Dialectical complexities exist. Dialogue between Palestinians and Israelis can help the participants to search for a just political solution to their differences. The opposite is also true: the search for a just political solution can lead to genuine dialogue between Palestinians and Jews. Let me pause here, however. Because all I have said has been something of an overture to a major question that can now be raised: What may be the spiritual value of genuine dialogue between people of different civilisations, that is, of different spiritual heritages?
A Lesson from Japan
In order to answer the above question, let me commence with a seemingly remote learning experience which I underwent during a two-day seminar on Soren Kierkegaard in Mexico City in the summer of 1995. At that seminar, Kinya Masugata, a professor from Japan’s Osaka Kyoika University, presented a paper which suggested a significant reason why it was so hard to discuss many of Kierkegaard’s thoughts and ideas in Japan.4 His paper revealed an aspect of Japanese being and language which has been quite overlooked.
According to Masugata, the Japanese have difficulty relating to Kierkegaard’s ideas because of the link between language and ontology. Masugata indicated that the Japanese language lacks the richness of vocabulary and the implicit and explicit ideas for the many kinds of love discussed in depth in several of Kierkegaard’s writings, for instance, in Either/Or and Works of Love. Masugata also pointed out that matters changed slightly during the Meiji period (1868–1911), when the government permitted Japanese scholars, scientists and lay people to begin learning from the ideas of Western thinkers and writers. But Masugata said the problem still exists: love, as described and discussed by Kierkegaard, is difficult to conceptualise in Japanese.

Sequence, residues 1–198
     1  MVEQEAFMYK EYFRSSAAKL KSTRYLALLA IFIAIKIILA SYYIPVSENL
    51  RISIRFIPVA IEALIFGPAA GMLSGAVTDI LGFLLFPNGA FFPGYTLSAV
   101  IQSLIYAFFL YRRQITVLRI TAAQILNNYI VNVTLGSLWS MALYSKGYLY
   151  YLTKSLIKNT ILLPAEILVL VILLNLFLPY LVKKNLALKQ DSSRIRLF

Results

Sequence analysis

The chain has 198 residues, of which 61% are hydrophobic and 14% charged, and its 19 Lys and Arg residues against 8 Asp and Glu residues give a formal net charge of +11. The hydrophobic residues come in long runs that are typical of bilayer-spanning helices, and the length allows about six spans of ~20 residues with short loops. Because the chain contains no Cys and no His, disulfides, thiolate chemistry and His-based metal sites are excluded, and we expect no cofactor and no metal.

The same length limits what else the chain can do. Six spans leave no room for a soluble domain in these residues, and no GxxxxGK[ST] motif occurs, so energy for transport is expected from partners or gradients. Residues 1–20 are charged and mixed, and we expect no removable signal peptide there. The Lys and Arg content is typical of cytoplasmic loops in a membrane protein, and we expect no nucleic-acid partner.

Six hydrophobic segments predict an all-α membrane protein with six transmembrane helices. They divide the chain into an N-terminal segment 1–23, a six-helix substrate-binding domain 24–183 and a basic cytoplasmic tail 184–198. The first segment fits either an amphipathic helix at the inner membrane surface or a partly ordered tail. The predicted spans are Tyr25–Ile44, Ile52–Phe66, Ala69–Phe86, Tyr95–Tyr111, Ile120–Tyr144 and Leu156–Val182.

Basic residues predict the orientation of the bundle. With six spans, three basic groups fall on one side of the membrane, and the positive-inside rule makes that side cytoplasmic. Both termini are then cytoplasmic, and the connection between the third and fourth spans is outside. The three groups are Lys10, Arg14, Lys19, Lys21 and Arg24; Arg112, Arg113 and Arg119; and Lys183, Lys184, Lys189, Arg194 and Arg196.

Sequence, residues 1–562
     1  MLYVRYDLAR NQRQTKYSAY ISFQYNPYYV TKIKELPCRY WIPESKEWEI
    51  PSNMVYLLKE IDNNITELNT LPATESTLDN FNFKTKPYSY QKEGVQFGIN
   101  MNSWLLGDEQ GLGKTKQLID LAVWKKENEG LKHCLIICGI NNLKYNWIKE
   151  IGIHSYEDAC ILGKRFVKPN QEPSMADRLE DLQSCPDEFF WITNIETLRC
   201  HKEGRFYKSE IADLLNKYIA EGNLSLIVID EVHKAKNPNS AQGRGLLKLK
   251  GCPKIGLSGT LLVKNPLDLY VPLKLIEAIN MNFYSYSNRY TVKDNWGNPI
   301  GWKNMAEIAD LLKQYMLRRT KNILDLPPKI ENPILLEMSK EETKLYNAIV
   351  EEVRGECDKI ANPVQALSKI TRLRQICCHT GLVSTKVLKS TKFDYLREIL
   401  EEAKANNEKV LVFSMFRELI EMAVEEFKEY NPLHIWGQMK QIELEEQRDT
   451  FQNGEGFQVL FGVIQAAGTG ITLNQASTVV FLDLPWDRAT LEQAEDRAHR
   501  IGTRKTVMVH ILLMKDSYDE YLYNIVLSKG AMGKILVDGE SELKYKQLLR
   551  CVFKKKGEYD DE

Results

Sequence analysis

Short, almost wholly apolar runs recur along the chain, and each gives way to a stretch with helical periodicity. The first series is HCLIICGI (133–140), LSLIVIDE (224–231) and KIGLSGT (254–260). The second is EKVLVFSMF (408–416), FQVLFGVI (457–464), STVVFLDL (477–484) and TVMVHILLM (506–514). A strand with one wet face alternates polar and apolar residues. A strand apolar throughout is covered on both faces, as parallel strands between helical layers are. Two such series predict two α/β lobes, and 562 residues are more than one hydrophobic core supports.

Consequently, he explained, even today Japanese readers of Kierkegaard are faced with a difficult choice: (1) they can ignore Kierkegaard’s illuminating insights about love, or try to water them down so as to fit the Japanese language; or (2) they can attempt to change drastically their “being-in-the-world” so as to endeavour to live some of the insights and ideas encountered in Kierkegaard’s writings. This last choice is extremely difficult, as Masugata indicated, because our understanding of the daily reality in which we live is limited by our language. As a result, the average Japanese person, who has not read Kierkegaard, will probably never even faintly imagine the many insights about love that Kierkegaard discusses.
Need I add that Kierkegaard’s writings repeatedly convince his readers that a life lived with a superficial understanding of love is banal and ruinous?
A simple conclusion emerges: dialogue with people of other civilisations or spiritual heritages may help the Japanese to enhance and enrich their lives. For instance, they can learn from persons who understand and relate to Kierkegaard’s ideas about true love and about how to live with love. This may occur if the Japanese engaging in dialogue act as Masugata did and are willing to learn from the spiritual heritage of Western civilisation. Such a process can teach them how to enhance their own being-in-the-world and perhaps how to improve their society’s way of life.
The opposite is also true: Westerners may learn and enrich their being-in-the-world from the profound thought encountered in the Japanese language and in some of the ideas expressed, yet concealed, in that language. An intriguing example of such learning is a philosophical dialogue by Heidegger entitled, “A Dialogue on Language: Between a Japanese and an Inquirer”.5
It is evident from the content of this lengthy dialogue that the “inquirer” is Heidegger himself, and that there occurred a genuine philosophical dialogical encounter between Heidegger and a living Japanese scholar and thinker. During their dialogue, they also engage with the thoughts of deceased Japanese thinkers who participated in dialogue with Heidegger early in his career.